Childish antics take priority over serious governance in the Ohio Statehouse and U.S. Congress
Rep. Jim Jordan, R-Ohio, speaks to reporters as House Republicans hold a caucus meeting at the Longworth House Office Building on Oct. 13, 2023 in Washington, D.C. (Win McNamee/Getty Images)
Grow up. Is that too much to ask of a slim Republican majority in the U.S. House of Representatives or a Republican super majority in the Ohio House? Arrested adolescence is not a preferred trait in vital positions of government leadership but is increasingly standard fare in GOP-controlled legislative branches on the federal and state level.
In the Republican realm, principled governance has been replaced by annoyingly childish antics in Congress and the Statehouse. We don’t have public servants tackling pressing issues that need urgent resolution. We have politicians stuck in middle school behaving like jerks, throwing temper tantrums, needing tons of attention, acting impulsively and seeking instant gratification.
In Congress, a rudderless House of Representatives — paralyzed by Republican in-fighting over the next speaker — fiddled while Rome burned, war broke out in Israel, and a government shutdown loomed. Ably conducting the people’s business and addressing unfolding crises was the furthest thing from the minds of juveniles preoccupied with getting their way or having a meltdown if they didn’t.
At this writing, a Jan. 6 coup-plotter, who schemed to overturn the 2020 presidential election and ignore the will of voters, is twisting arms to secure the speakership for himself. Ohio Republican Jim Jordan is using the endorsement of the coup mastermind (and criminally-indicted ex-president) to intimidate holdouts into caving. The threat of being primaried by MAGA extremists is a persuasive hammer.
Moral courage is not a hallmark of the GOP congressional caucus. But acting out, like a schoolyard bully or moody teenager slamming doors, is characteristic of the kiddie coalition in the U.S. House blithely careening the country off a cliff. Creating a never-ending soap opera for Fox “News” viewers is what motivates the self-involved children.
Every day, the slim Republican majority in the U.S. House goes out of its way to demonstrate how not to govern responsibly with its melodramatic hissy fits and partisan grandstanding. Gone among the actors is any pretense of problem-solving or serious policy-making. They’re focused on getting noticed and raising money.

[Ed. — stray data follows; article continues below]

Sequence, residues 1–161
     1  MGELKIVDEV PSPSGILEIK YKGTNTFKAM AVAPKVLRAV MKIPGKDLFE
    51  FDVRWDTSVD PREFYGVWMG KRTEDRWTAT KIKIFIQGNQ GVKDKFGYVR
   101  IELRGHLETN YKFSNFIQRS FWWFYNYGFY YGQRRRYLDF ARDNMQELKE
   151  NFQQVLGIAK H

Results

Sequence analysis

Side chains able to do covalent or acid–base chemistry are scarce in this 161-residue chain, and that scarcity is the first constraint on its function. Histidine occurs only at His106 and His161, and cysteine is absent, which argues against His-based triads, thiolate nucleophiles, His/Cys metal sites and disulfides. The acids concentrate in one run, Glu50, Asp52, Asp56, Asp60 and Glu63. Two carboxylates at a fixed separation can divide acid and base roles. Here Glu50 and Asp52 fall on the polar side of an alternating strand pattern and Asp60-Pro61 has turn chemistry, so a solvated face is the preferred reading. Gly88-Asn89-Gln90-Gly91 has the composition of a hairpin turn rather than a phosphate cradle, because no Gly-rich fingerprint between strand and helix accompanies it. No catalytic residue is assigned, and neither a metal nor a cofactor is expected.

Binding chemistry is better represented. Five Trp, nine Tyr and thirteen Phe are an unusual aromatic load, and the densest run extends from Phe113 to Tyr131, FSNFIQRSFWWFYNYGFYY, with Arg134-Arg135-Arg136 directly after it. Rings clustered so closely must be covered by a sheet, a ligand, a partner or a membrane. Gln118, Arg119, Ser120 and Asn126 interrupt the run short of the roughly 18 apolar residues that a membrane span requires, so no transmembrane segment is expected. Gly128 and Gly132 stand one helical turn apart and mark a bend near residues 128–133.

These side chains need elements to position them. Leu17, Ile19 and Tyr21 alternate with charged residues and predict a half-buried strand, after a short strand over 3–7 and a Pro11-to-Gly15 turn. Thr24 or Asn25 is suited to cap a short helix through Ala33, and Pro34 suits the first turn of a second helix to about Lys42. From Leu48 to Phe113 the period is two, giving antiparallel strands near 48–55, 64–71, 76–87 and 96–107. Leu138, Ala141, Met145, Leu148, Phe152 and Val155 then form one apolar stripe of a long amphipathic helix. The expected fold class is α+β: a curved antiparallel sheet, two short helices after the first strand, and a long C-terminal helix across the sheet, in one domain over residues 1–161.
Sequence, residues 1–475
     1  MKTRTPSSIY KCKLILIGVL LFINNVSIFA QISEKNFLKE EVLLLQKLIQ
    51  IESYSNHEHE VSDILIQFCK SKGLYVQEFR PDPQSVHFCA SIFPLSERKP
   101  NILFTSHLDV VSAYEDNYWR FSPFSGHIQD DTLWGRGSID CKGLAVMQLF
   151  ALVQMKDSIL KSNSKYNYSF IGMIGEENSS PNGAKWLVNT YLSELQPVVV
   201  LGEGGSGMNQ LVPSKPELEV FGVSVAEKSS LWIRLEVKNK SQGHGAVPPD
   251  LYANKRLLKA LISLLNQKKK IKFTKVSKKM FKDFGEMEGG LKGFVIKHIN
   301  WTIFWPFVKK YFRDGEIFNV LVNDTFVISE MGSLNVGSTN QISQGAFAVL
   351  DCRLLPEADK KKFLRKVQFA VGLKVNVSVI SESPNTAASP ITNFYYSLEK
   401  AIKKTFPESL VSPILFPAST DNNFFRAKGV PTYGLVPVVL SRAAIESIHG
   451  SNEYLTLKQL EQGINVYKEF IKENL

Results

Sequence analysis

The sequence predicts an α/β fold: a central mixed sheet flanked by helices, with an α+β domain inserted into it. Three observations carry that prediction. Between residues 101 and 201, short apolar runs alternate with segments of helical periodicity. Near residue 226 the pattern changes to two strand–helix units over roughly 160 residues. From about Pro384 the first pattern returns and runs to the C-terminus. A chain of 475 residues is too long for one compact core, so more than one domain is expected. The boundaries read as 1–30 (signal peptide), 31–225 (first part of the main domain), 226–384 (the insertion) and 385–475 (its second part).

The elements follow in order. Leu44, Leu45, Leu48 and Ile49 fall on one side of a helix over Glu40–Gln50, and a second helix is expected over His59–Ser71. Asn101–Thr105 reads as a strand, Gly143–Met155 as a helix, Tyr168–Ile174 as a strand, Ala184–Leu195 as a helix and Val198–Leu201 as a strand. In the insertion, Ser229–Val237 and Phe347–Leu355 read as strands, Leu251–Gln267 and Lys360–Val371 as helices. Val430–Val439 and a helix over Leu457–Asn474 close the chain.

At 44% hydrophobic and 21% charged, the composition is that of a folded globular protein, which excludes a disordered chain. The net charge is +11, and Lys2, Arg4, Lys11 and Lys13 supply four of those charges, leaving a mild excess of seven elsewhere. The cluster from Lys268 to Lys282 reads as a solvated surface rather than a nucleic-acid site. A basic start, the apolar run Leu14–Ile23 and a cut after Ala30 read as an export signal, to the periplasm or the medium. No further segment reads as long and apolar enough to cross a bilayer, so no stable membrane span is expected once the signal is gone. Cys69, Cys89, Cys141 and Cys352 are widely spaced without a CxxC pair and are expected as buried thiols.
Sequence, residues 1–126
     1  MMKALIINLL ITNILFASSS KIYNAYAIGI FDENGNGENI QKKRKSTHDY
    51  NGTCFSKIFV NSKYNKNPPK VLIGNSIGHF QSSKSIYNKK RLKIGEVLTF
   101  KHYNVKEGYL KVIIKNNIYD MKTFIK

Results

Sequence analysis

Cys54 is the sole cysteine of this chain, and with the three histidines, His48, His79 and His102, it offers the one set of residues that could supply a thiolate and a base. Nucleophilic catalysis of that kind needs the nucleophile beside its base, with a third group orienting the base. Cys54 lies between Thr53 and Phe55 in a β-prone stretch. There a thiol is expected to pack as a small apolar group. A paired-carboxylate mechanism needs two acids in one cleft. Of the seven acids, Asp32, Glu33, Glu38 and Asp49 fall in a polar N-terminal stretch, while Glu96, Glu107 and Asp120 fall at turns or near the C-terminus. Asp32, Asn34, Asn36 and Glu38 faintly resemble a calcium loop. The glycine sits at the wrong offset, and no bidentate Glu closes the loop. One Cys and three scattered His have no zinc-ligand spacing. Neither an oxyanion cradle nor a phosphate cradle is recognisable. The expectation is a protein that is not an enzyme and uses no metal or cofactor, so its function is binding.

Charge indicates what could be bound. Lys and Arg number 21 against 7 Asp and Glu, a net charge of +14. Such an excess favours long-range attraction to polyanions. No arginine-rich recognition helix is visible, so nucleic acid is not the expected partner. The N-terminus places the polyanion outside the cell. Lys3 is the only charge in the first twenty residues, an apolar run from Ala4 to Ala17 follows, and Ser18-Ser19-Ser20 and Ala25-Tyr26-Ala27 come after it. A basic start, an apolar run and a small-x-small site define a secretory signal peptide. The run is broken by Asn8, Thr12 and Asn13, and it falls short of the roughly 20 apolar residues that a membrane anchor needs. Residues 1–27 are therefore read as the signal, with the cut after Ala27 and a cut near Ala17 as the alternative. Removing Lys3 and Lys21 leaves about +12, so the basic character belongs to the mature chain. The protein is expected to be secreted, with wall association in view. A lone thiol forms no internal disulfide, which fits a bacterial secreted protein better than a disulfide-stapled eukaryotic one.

Meanwhile, their dysfunctional GOP counterparts in the gerrymandered Ohio House supermajority also sport intra-party schisms over a sense of entitlement to (wait for it) the House speakership. Nearly a year of sulking, whining and pouting by the sore loser of that job has escalated to crying in court. Republicans suing Republicans over traditional perks of the post customarily awarded to the duly elected speaker.
Republican House Speaker Jason Stephens won the top leadership role in January on a bipartisan vote that relied on Democratic support. The surprise victory infuriated Rep. Derek Merrin, of Monclova, who thought he had the gavel in the bag. Merrin was hardly gracious in defeat.
A week after he lost the speaker’s race, the angry kiddo from northwest Ohio crowned himself the GOP leader of state House Republicans and stomped around like a petulant child who refused to play by the rules. Merrin even vowed to change the rules of the House to lessen the speaker’s power and promised to advance legislation Speaker Stephens opposed. Then he might as well have stuck his tongue out and snapped, “So there!”
The 37-year-old child should have been given a time out for his egocentricity. What followed was a petty censure of Stephens and his GOP supporters by the Ohio Republican Party’s central committee and orchestrated attack ads to upend their re-election. Merrin never let up — or grew up.
He claimed he was in charge (like a child saying, “You’re not the boss of me!”) of the Republican House caucus and crucially, its fundraising operation. Never mind that the House speaker is the conventional leader of the majority caucus who usually presides over the campaign fund. But Merrin, like a two-year-old, wanted what he wanted so he and his GOP allies sued Speaker Stephens to control the cash and who gets it.
Honestly, is there a bug in the MAGA party ethos that awakens adolescence in members who tear into each other kicking and screaming? Perhaps it’s an inability-to-govern affliction roiling today’s GOP where threatened paybacks and promised retribution are all the rage and perceived ticket to political dominance. Might MAGA membership be what triggers partisans to devolve into toddlers shrieking on the floor in a tailspin with team members?
Lost to the squabbling GOP adolescents, of course, is any concept of elected duty to serve the best interests of voters they are privileged to represent. Lost on the short-term thinkers engrossed in themselves is any notion of listening and responding to what people actually want, need, and expect of their elected officials. It’s why we’re barreling toward a costly shutdown of the federal government and catastrophe in the Gaza Strip.
It’s why we’re facing a slew of preemptive gun lobby bills in Ohio. Recent polls show Ohioans overwhelmingly want stronger gun safety regulations — including mandatory background checks for gun buyers, training to get concealed carry permits, safe storage requirements and others — largely blocked by Republicans in bed with the gun industry.
Question is, when will grown-up voters, whose demands continually fall on the deaf ears of childish partisans, insist their elected officials in Columbus and D.C. grow up or get out. It’s not too much to ask. Effective governing isn’t kids play.
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